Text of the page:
Dove has taken action with Getty Images, Girlgaze and women around the world to create Project #ShowUs – the world's largest stock photo library created by women and non-binary individuals to shatter beauty stereotypes by showing women as they are, not as others believe they should be.
This major new project will drive a more diverse and inclusive visual landscape through media and advertising.
TORONTO, March 27, 2019 /CNW/ - Today, Dove, together with its partners, Getty Images and Girlgaze, announces Project #ShowUs; its largest and most ambitious initiative to date. With over 5,000 images, Project #ShowUs is the world's largest stock photo library created by women and non-binary individuals to shatter beauty stereotypes and is now available for the media and advertising industries to view, license and use in their next project or campaign. The ambition? To come together and put an end to the narrow definition of beauty consistently portrayed around the world, setting a new standard for the authentic, diverse and inclusive representation of women.
Seventy per cent of women say they still don't feel represented in the images they see every day. Many women know the mantra, "you can't be what you can't see," yet despite this and decades of work to liberate women from limiting stereotypes by Dove, Getty Images and Girlgaze, many images continue to impose unrealistic beauty standards, presenting a narrow view of who women are, what they should look like, and what they can achieve. Every day, women's lives are affected by these limitations, exclusions and stereotypes. It affects their health, relationships and the opportunities they are given.
Project #ShowUs is created in partnership with Getty Images – one of the world's leading creators and distributors of imagery – and Girlgaze – a network of 200,000 female-identifying and non-binary creatives from all around the world. This ground-breaking library of images will be available to be licensed by media and advertisers starting today. Dove calls upon creative and media professionals to join them in redefining how women are represented in the images we see around us; celebrating a more diverse and inclusive portrayal of beauty and supporting the confidence of women around the globe by showing them as they want to be seen.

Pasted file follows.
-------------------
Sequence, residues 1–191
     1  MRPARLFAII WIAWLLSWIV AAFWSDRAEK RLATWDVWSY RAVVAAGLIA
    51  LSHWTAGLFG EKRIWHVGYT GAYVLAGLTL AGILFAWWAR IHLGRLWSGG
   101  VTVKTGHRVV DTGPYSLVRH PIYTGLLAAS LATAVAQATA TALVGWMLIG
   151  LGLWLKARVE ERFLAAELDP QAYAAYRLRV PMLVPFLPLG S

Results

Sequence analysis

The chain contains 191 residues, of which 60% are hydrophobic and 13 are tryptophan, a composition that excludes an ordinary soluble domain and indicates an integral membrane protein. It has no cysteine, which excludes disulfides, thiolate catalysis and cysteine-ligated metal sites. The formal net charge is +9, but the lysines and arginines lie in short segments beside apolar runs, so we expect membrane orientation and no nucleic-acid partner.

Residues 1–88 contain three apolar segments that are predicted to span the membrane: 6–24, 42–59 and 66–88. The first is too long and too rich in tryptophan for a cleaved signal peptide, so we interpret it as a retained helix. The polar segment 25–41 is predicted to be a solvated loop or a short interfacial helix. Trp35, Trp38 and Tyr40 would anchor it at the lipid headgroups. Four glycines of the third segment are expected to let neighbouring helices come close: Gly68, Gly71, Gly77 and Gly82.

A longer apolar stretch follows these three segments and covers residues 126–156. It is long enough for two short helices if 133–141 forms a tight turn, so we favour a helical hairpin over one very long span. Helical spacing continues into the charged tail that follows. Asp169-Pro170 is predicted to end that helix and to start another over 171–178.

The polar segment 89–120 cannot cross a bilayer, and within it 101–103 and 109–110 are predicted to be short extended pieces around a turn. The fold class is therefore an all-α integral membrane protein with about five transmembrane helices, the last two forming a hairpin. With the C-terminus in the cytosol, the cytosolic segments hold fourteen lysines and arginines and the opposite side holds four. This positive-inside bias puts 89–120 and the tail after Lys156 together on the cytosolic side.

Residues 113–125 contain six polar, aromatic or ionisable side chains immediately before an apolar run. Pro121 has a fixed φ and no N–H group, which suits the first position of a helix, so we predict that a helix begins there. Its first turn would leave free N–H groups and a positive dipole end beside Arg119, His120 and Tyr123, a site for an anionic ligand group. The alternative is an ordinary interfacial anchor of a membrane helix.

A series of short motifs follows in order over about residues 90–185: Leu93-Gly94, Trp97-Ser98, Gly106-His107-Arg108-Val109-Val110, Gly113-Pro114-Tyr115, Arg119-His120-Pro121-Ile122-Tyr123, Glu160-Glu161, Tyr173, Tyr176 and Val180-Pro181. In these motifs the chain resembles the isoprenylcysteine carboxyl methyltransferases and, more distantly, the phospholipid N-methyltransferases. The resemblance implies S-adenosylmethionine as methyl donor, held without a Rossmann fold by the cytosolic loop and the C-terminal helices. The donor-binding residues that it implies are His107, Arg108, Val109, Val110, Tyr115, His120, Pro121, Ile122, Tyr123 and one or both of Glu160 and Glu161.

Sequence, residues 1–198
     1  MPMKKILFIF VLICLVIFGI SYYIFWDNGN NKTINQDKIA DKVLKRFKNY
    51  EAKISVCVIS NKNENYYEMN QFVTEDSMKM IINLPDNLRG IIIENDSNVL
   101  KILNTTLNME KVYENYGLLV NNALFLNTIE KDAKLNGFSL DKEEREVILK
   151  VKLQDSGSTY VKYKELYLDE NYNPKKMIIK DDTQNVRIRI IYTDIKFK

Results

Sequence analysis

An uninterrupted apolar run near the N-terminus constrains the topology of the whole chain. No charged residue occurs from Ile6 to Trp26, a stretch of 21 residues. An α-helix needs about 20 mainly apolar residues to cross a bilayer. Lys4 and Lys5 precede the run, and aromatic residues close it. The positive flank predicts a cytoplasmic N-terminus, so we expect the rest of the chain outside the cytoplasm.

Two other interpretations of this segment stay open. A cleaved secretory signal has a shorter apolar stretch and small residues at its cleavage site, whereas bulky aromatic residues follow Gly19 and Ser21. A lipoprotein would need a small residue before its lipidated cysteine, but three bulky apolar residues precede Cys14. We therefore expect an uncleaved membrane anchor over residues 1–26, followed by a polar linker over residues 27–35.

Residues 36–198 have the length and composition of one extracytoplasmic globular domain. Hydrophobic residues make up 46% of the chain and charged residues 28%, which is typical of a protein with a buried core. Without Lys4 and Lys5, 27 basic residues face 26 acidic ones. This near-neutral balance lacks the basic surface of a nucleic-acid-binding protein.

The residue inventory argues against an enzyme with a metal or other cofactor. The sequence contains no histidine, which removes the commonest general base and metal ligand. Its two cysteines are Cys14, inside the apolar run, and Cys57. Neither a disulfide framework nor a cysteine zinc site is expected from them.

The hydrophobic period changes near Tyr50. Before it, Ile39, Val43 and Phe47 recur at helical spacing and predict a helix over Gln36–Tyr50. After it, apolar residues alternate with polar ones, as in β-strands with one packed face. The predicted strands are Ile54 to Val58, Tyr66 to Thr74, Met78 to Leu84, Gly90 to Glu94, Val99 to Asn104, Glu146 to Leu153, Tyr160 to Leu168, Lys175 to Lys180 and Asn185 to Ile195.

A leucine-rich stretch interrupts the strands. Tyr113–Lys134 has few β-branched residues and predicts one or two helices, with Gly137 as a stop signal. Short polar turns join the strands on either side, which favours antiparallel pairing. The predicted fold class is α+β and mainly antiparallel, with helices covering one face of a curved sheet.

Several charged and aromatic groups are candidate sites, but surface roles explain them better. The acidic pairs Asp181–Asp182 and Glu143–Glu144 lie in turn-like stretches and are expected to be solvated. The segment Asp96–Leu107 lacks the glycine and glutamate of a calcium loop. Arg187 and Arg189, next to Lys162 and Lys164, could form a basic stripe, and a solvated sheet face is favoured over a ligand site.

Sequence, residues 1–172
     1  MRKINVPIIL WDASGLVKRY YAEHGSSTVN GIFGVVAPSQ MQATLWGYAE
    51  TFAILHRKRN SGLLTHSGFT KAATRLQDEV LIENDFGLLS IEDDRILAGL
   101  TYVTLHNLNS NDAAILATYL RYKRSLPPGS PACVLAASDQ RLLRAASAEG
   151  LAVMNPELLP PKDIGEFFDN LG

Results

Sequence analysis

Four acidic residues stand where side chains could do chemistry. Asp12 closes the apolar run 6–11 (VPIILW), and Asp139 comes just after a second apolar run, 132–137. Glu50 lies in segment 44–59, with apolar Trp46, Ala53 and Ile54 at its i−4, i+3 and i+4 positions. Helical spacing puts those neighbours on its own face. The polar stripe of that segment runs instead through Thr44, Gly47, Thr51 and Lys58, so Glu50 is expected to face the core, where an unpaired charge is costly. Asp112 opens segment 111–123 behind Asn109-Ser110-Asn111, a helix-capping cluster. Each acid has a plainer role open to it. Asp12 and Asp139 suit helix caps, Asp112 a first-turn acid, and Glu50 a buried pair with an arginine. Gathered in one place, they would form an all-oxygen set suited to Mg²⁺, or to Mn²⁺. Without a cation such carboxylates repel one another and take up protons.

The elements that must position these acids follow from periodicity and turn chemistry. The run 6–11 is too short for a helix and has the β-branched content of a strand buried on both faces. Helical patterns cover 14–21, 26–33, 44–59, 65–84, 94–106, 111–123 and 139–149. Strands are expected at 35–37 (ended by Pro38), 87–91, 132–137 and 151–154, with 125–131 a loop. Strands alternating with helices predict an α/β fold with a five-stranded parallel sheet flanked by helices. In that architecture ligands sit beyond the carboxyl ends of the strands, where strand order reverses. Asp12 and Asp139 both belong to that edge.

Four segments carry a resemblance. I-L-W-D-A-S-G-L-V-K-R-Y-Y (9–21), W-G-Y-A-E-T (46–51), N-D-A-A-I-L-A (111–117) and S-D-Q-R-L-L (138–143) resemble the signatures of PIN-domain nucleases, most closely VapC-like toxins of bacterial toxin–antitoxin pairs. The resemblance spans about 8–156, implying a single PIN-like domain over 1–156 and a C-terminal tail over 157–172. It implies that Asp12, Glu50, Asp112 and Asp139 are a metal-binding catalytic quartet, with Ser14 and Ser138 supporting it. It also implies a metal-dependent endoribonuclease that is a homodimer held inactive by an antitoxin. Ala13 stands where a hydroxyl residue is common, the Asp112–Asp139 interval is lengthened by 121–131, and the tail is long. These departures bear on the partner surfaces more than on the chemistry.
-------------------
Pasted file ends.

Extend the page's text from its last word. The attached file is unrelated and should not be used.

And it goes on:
A year in the making, the library features more than 5,000 photographs
Every image shot by 116 Girlgaze photographers; representing a diverse global community of women, non-binary and female-identifying photographers
Featuring individuals from 39 countries and counting; each image created by women and non-binary photographers who understand the beauty landscape of that country for a more authentic, hyper-local and inclusive representation of beauty
For the first time on Getty Images, every individual of the 179 photographed has personally defined her own search descriptions and tags for their images, allowing them to define their beauty in their own language, on their own terms, ensuring they feel realistically represented
In one of the largest global studies of its kind, Dove research study shows that 67 per cent of women are calling for brands to step up and start taking responsibility for the stock imagery they use. Seventy per cent of women still don't feel represented in media and advertising; the move to a broader definition of beauty has never been more pressing. On Getty Images, the search term "real people" has increased +192 per cent over the past year, "diverse women" by +168 per cent and "strong women" by +187 per cent providing more evidence of the demand for a more realistic portrayal of women and beauty. There is also huge need for stock imagery to include women in more progressive and empowering roles, and scenarios with "women leaders" up by +202 per cent.
Women want media and advertisers to do a better job of portraying women of physical diversity with two thirds (66 per cent) currently feeling there is limited body shapes and sizes and 64 per cent feeling characteristics such as scars, freckles and skin conditions are unrepresented.
73 per cent of Canadian women say that if media images were more representative of the way most women in their country looked, then women would feel better about themselves.
74 per cent of Canadian women say that this would enable girls to grow up without feelings that they are being judged on just their looks.
71 per cent of Canadian women think the Project #ShowUs images reflect a broad definition of beauty.